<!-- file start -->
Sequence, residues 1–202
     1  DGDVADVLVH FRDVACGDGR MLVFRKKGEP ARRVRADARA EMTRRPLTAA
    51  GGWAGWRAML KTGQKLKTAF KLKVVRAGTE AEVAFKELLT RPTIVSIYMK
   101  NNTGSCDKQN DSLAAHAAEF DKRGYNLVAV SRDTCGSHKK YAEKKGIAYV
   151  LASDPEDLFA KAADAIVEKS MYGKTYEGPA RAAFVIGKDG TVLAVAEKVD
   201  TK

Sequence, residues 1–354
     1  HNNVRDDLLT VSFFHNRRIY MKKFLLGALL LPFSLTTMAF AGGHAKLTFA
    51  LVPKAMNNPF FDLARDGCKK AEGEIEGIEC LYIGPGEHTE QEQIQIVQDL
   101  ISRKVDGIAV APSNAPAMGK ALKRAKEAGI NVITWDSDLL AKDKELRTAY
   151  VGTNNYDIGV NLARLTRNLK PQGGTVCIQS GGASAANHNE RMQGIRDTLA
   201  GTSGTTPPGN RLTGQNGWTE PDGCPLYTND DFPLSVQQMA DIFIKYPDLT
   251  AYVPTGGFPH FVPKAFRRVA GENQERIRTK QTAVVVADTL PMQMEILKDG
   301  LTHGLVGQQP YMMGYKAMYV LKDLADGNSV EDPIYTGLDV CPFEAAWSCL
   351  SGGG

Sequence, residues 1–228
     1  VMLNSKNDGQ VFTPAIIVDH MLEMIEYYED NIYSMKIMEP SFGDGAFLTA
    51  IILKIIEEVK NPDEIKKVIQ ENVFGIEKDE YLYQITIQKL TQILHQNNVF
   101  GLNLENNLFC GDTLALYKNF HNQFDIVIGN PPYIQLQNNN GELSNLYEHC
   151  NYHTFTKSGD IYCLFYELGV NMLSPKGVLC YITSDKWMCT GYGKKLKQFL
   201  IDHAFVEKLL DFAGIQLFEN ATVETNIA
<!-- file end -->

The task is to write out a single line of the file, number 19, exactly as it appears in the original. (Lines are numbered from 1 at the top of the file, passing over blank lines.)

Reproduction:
   101  GLNLENNLFC GDTLALYKNF HNQFDIVIGN PPYIQLQNNN GELSNLYEHC